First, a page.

As stated earlier, the U.S. experienced a larger CO2 emissions reduction in 2020 than other polluter countries. The peak of the decrease in emissions in 2020 occurred in the first half of April, when lockdown measures related to travel restrictions and other actions resulted in lower energy-related emissions. According to the U.S. Energy Information Administration, from March to April, CO2 emissions from gasoline and coal consumption decreased by 25 percent and 16 percent, respectively, which were the lowest monthly CO2 emissions on record for those fuels. Carbon dioxide emissions from natural gas consumption also decreased by 17 percent between March and April. However, unlike CO2 emissions from gasoline and coal, those from natural gas in April were 22 percent greater than the previous April, largely because of the displacement of coal consumption by natural gas. The U.S. in 2019 was the second largest polluter of CO2 emissions (14 percent) after China (28 percent) in the world. However, the U.S. per capita CO2 emissions in 2019 were the highest (16.1 tons). The other three countries with higher per capita CO2 emissions were China (7 tons), Europe (6.6 tons), and India (1.8 tons).
The report suggests that the atmospheric CO2 concentration has increased in 2020, despite the significant decline in emissions in 2020. How do you explain this?
That’s correct. Carbon dioxide continued to increase in the atmosphere by about 2.5 parts per million (19.8 billion tons), which is almost the 2019 growth rate. The atmospheric CO2 concentration for 2020 is projected to reach 412 parts per million averaged over the year. Carbon dioxide is currently entering the atmosphere more quickly than the land-based and ocean sinks can process or “bury” the excess carbon, leading to a buildup of CO2 in the atmosphere. The modeling results suggest that atmospheric CO2 levels, and consequently, the world’s climate, will stabilize only when net global CO2 emissions are near zero.
What changes in the past year or ongoing trends are most concerning or encouraging, in your opinion?
My major concern about the budget trends is that the international community is not on track to meet the Paris Agreement’s climate change objectives. According to U.N. estimates, global greenhouse gas emissions in 2030 will be some 15 billion tons CO2 equivalent higher than required under a 2-degree Celsius stabilization path, suggesting that 1 to 2 billion tons of CO2 emissions reductions are needed each year over the next 10 years, and net-zero emissions by 2075 to accomplish the Paris Agreement goals.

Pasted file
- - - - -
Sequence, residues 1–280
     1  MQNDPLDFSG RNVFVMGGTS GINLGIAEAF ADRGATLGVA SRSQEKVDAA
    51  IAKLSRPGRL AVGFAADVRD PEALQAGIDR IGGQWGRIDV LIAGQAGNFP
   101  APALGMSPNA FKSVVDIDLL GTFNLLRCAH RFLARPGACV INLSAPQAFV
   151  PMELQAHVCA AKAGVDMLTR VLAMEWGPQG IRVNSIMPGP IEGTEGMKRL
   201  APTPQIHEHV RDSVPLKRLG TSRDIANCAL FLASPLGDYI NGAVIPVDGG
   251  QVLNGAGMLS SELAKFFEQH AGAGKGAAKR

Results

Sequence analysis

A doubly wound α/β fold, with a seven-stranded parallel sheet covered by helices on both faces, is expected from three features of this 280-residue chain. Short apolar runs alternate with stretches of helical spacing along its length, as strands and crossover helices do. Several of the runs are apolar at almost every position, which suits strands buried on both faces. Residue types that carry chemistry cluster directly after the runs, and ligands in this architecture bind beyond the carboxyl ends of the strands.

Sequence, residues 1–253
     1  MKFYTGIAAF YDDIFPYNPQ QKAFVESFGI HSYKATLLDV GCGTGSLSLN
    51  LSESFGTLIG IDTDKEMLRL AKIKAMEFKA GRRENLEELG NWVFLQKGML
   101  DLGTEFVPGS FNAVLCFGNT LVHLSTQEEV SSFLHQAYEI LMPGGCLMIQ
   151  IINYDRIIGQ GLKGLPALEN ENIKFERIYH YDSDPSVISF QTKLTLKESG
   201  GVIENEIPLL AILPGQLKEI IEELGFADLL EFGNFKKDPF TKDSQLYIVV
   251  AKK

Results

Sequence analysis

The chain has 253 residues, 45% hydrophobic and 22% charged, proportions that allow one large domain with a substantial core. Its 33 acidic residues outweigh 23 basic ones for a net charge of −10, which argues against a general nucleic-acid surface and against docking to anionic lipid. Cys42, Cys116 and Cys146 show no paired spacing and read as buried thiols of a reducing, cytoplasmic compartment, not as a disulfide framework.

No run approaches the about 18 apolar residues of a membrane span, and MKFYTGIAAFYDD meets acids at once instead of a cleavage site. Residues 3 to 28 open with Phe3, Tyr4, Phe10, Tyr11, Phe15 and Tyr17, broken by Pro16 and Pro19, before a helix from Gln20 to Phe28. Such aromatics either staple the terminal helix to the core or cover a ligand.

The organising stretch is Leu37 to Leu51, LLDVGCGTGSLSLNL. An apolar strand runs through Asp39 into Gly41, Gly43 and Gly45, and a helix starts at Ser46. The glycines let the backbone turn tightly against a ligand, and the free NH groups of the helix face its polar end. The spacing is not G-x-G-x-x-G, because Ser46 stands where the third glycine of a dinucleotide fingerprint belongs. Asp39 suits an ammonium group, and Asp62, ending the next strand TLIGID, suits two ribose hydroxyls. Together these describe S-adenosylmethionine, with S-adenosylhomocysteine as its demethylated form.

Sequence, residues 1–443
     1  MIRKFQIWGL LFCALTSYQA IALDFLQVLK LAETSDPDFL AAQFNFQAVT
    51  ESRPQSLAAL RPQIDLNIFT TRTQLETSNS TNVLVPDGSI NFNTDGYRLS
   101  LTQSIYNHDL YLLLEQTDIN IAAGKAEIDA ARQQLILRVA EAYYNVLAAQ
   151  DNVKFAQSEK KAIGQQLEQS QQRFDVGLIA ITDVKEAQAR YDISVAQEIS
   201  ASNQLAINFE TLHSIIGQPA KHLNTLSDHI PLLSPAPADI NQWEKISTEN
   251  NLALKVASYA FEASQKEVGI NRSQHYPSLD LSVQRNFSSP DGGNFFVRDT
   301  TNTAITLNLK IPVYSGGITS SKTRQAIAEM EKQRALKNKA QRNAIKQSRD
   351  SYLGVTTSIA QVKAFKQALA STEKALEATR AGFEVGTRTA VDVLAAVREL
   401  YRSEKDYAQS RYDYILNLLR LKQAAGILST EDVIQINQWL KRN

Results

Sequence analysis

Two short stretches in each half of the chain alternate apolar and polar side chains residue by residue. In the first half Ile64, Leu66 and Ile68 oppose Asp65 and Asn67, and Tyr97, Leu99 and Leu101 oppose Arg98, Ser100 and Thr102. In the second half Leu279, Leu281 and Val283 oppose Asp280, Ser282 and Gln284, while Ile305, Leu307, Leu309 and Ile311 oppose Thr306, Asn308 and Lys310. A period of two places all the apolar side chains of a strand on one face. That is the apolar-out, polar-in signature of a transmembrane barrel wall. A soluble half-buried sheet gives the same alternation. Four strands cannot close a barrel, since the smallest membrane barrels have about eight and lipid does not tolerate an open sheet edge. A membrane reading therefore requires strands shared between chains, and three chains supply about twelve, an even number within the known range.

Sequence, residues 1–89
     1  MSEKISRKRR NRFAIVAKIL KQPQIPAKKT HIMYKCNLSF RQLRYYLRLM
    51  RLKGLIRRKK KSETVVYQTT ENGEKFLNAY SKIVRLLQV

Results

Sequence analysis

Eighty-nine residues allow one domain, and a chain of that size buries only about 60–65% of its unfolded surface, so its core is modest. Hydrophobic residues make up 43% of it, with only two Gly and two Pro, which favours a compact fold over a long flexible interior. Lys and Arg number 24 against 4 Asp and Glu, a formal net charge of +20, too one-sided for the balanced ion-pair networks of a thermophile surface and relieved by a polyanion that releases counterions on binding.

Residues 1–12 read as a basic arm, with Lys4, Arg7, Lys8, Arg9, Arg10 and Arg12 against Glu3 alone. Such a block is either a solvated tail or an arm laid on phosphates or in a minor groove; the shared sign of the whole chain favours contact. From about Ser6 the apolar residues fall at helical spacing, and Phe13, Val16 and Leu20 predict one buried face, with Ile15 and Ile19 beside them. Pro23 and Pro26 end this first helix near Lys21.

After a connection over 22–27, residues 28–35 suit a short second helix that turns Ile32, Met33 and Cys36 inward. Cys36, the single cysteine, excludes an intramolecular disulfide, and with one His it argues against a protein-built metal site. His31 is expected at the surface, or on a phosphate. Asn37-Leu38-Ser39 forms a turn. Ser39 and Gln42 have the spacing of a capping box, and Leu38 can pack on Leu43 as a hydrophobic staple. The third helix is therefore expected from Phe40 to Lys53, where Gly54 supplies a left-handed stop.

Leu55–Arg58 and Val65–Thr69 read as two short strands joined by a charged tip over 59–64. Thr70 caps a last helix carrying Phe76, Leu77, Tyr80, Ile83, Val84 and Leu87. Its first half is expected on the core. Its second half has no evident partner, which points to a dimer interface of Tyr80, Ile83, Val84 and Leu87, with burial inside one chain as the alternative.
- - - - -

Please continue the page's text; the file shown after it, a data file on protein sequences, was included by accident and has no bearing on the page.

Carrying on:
COVID-19 restrictions are still acting to reduce emissions from industry worldwide. However, the latest data compiled by the Global Carbon Project based on different resources suggest that industrial activities have picked up in China, Brazil, and the other biggest polluter countries, which may offset some of the reductions elsewhere.
However, there are a few bright spots. Renewables are the only energy source that experienced demand growth in 2020. According to the International Energy Agency, renewables increased their share of electricity generation to nearly 9 percent in 2020, twice as high as in 2015 and are expected to undergo additional growth.
The land-use change emissions were also lower in 2020 than the anomalously high emissions in 2019. Last year saw the highest deforestation rates in the Amazon since 2008, which was associated with a 30 percent increase in deforestation and degradation fires over the previous decade. Additionally, unusually dry conditions in 2019 led to fire emissions from peat burning, deforestation, and forest degradation in Indonesia, making the rate twice as large as the average over the previous decade.
However, these trends are not sufficient to accomplish the goal of the Paris Agreement. Therefore, the carbon policies on a global scale clearly must be tightened to control long-term growth in emissions and to start bringing global emissions down to meet the objectives of the Paris Agreement.